“Plans like this result in more trees, making communities feel much cooler and more shaded, with less air pollution,” Kats says. “People are outdoors, the community is more vibrant, and crime goes down. Overall, greater health means fewer sick days—kids spend more time in schools, have improved education, and get better jobs, ultimately putting that money back into the community to help everyone thrive. Architects are instrumental in accomplishing this because they can tell the story to institutions to help shift society to the greatest net benefits.” Kats adds that “Smart surfaces are one of the most cost-effective and most overlooked climate change mitigation and adaptation strategies. It may also be the most effective way to promote urban environmental justice.”

A renewable-only future will enhance quality of life in rural areas as well. The current emission-intensive infrastructure for both energy and food production in the U.S. relies on centralized distribution—from power sources like coal plants and from large-scale agriculture hubs, respectively. But by transitioning to renewable microgrids, communities can use localized solar power when needed and distribute any surplus to the broader grid at a profit. Soon we may even be able to drive our electric vehicles to the grocery store, park them in charging stations, and have them refueled by rooftop solar panels atop while we shop, with excess energy powering the store in turn. And during extreme weather events, which have resulted in increasing numbers of blackouts across the U.S., most notably in Texas last winter, local renewable power—when paired with storage options like electric vehicles and battery-based home backup systems—will create resilient communities consisting of networks of homes able to power one another in the event that power lines to distant sources are severed. “In addition to localized energy, localized food production will reduce emissions while ensuring communities eat healthier,” Waple says. “All this leads to a brighter future.”

Powering a new future

Incremental change in our daily lives can transform the future and empower a new generation of workers in renewable energy. For centuries, racial and ethnic minority groups were disenfranchised from the built environment through practices like redlining. But to create the infrastructure necessary for a renewable world, new jobs will be needed to manage and grow these energy solutions.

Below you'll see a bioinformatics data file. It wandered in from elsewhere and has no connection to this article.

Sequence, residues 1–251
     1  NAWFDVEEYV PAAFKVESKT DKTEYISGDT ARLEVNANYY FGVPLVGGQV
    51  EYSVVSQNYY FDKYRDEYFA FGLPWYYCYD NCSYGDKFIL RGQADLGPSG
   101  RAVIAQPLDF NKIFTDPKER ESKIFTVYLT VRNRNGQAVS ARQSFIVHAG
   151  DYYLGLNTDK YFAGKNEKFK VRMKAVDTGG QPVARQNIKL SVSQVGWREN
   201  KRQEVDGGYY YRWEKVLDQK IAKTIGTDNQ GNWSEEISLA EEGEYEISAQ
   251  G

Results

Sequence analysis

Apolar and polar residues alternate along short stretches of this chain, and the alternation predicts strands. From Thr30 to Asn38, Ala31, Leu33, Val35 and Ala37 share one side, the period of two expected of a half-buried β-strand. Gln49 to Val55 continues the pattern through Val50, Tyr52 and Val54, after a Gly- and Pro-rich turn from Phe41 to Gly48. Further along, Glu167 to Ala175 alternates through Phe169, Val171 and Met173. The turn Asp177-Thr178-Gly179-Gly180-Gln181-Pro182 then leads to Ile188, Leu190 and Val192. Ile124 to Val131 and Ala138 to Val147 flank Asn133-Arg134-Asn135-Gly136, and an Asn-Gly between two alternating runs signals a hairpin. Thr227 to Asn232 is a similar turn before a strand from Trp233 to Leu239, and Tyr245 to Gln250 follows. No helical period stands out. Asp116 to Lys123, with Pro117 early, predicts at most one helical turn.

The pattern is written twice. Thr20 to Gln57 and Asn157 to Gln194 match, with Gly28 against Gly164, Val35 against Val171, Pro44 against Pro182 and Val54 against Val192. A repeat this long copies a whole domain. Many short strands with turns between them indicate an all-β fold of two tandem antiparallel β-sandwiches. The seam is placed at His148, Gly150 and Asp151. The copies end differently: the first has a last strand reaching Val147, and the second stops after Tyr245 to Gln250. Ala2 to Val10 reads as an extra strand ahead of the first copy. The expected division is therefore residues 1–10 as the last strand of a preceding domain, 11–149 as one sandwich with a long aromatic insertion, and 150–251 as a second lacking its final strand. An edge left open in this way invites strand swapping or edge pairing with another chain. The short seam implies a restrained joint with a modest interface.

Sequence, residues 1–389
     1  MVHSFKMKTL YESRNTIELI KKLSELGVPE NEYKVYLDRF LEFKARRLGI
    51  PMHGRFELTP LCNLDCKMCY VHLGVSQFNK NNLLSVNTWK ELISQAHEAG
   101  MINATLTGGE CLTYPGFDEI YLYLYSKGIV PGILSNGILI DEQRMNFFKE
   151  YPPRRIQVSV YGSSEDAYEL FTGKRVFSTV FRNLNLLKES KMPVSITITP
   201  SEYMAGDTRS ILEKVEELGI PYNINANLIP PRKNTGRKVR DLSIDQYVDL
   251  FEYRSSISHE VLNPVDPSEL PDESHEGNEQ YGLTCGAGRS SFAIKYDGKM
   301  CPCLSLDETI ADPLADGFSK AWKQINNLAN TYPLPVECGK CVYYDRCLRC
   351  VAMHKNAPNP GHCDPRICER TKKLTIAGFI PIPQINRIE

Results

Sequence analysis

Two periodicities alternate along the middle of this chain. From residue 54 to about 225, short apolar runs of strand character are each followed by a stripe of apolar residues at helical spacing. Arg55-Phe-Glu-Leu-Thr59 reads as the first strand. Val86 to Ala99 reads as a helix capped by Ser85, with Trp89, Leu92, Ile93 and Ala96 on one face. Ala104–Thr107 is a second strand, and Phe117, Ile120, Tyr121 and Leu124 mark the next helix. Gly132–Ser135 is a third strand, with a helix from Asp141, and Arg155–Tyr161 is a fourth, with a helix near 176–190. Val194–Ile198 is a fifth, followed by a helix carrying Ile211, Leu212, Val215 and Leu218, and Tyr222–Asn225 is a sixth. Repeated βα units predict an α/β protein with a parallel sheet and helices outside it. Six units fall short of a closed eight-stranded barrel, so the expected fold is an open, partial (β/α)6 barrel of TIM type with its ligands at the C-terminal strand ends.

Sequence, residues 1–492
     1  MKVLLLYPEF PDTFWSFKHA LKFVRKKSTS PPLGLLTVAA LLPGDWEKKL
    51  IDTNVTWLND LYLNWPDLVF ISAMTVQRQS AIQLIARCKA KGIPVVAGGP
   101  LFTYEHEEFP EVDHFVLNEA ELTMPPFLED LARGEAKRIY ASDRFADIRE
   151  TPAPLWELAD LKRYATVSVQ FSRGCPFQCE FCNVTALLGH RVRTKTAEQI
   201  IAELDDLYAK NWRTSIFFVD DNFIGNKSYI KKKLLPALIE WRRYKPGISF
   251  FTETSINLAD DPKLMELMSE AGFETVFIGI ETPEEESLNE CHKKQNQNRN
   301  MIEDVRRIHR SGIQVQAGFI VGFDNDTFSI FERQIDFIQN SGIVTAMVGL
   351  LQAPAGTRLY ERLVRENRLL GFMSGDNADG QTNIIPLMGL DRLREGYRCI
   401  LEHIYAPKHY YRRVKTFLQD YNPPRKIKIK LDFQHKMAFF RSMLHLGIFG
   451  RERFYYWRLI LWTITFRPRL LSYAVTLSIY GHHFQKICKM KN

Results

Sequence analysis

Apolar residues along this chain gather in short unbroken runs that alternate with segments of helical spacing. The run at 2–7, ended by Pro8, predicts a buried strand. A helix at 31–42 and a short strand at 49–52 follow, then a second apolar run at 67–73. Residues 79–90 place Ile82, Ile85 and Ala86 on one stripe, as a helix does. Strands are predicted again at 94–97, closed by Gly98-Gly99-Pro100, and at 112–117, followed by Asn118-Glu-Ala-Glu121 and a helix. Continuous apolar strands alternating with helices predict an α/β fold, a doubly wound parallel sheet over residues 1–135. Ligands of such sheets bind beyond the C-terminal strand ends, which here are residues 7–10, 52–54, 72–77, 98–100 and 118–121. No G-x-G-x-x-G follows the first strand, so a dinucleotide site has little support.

Integrating renewable energy solutions in the built environment supports a strong renewable-energy market. When paired with job-training programs (both professional and in trades), supported at the project level by architects and contractors, minority communities can leverage that opportunity for economic advancement. GRID Alternatives, for example, offers strategies and tools for careers in solar energy, while MASS design pioneered an inclusive design approach in Rwanda by hiring local workers—a model that could be replicated more in the United States.

“Designing resilient buildings is important, but we also need to ensure that communities of color—which have traditionally been sidelined—help drive it. Architects can help.”

The construction trades are currently strapped for skilled people and are a huge opportunity for underserved communities. According to Denise Fairchild, the president of Emerald Cities Collaborative, a nonprofit dedicated to greening cities and enhancing equity, our society is on the cusp of national change—a moment that can reinvigorate communities. “Designing resilient buildings is important, but we also need to ensure that communities of color—which have traditionally been sidelined—help drive it,” she says. “Architects can help.”

In Fairchild’s vision, architects can guide the establishment of work programs at the intersection of local governments, professions, and trades in the built environment, helping to ensure a greener future for all. “Architects can be bridge builders to help create new jobs in infrastructure,” she says. “Renewable energy is a chance to innovate for economic opportunities, as well as the health of society at large—and I’m hopeful to see the movement already underway.”